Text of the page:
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Preventing Traumatic Brain Injury

Doctor looking at MRIPrevent TBI by understanding the risks, signs, and symptoms. Improve the health and quality of life for TBI survivors.

This March, in recognition of Brain Injury Awareness Month, CDC is working to raise awareness about traumatic brain injury (TBI). Improved prevention, recognition, and response can help address this important public health problem.

Understanding TBI

Have you ever hit your head as a result of a fall, car crash, or other type of activity and just "did not feel right" afterwards? After a few days, you returned to your normal activities, but continued to experience headaches, sensitivity to noise, or difficulty concentrating and remembering things. Does this sound familiar?

Photo: A mother fastening a helmet on her son

A TBI can disrupt the normal functions of the brain. TBIs—ranging from mild concussions to severe, life-threatening injuries—can be prevented. The burden of TBI can be reduced through prevention strategies and improvements in the health and quality of life for people living with a TBI.

Research shows that in the United States:

  • males have higher rates of TBI compared to women,
  • the youngest children and older adults are at highest risk for sustaining fall-related TBIs,
  • adolescents and young adults (persons aged 15–24 years) have the highest rates of motor vehicle-related TBIs, and
  • adults aged 65 years or older have the highest rates of TBI-related hospitalization and are more likely to die from TBI (either TBI alone or along with other injuries or illnesses) than any other age group.1

Learning the Signs and Symptoms

Many people who have a TBI recover quickly. But for some people, TBI symptoms can last for days, weeks, or longer. In general, recovery may be slower for older adults, young children, and teens. In severe cases, a TBI can lead to coma and even death. People who have had a TBI in the past are at greater risk of having another one and may find that it takes longer to recover if they have another TBI.

Symptoms of TBI usually fall into four categories

TBI symptoms thinking icon.gif Thinking/RememberingTBI symptoms physical icon.gifPhysicalTBI symptoms emotional icon.gifEmotional/MoodTBI symptoms sleep icon.gifSleep
Difficulty thinking clearlyHeadache
Fuzzy or blurry vision
IrritabilitySleeping more than usual
Feeling slowed downNausea or vomiting
(early on)
Dizziness
SadnessSleeping less than usual
Difficulty concentratingSensitivity to noise or light
Balance problems
More emotionalTrouble falling asleep
Difficulty remembering new informationFeeling tired, having no energyNervousness or anxiety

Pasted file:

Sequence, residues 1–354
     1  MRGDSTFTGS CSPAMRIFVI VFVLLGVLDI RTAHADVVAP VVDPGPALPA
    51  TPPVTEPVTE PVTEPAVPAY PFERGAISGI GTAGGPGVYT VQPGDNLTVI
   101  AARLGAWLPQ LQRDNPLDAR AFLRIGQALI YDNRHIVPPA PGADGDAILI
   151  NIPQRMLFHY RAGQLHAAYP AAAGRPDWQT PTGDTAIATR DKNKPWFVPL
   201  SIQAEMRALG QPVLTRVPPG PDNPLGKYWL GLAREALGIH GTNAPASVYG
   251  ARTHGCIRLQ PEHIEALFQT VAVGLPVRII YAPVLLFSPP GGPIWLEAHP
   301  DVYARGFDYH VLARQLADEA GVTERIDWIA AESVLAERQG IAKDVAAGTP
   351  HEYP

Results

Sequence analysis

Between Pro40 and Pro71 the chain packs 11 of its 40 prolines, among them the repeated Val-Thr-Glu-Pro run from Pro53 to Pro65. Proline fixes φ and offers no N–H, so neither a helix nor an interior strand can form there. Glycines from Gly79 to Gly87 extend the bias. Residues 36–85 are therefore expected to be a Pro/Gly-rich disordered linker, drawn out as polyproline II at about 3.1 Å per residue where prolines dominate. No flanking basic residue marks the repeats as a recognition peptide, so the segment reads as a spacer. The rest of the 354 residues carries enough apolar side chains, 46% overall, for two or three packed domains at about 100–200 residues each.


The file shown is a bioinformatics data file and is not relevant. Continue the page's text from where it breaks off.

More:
Some of these symptoms occur at the time of the injury. Other symptoms may not be noticed for days or months after the injury, when a person returns to their everyday life.

See When to Seek Immediate Medical Attention, to learn about danger signs to watch for among adults and children.

Getting Help

People with a TBI need to be seen by a health care professional. Contact your health care professional if you think you or someone you know has a TBI. Your health care professional can refer you to a neurologist, neuropsychologist, neurosurgeon, or specialist in rehabilitation such as a speech pathologist. Getting help soon after the injury by trained specialists may speed recovery.

Photo: Middle-aged man with senior father

Getting Better

Rest is very important after a TBI because it helps the brain to heal. Ignoring your symptoms and trying to "tough it out" often makes symptoms worse. Be patient because healing takes time. Only when your symptoms have reduced significantly—and you have the approval of your health care professional—should you slowly and gradually return to your daily activities, such as work or school. If your symptoms come back or you get new symptoms as you become more active, this is a sign that you are pushing yourself too hard. Stop these activities and take more time to rest and recover. As the days go by, you can expect to gradually feel better. If you do not think you are getting better, tell your doctor. See Getting Better for tips to help aid recovery from a TBI. You can also learn more about returning to activities after a mild TBI.

Reaching Out

Several organizations offer help for people and their families who deal with concussion and more serious TBIs. They provide information and connect people with local resources such as support groups, rehabilitation services, and various health care professionals.

See Finding Support for more information, including contacting support groups in your area.

Learn more information about TBI in the military, including an interactive website for service members, veterans, and families and caregivers.

Improving Research

Research and data are critical to understanding traumatic brain injury as an important public health problem. CDC collects and reports TBI data to help inform prevention strategies, identify research and education priorities, and to support the need for services among those living with a TBI.

Helping Spread the Word

CDC developed the "Heads Up" educational initiatives to help improve prevention, recognition, and response to TBI, including concussions. Heads Up offers information to health care professionals, school professionals, sports coaches, parents, athletes, and others.

Reference

  1. CDC. Traumatic brain injury in the United States: emergency department visits, hospitalizations, and deaths, 2002–2006. Atlanta, GA: US Department of Health and Human Services; CDC 2010. Available at http://www.cdc.gov/traumaticbraininjury/pdf/blue_book.pdf. [1.9 MB]

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  • Page last reviewed: March 17, 2014
  • Page last updated: March 17, 2014
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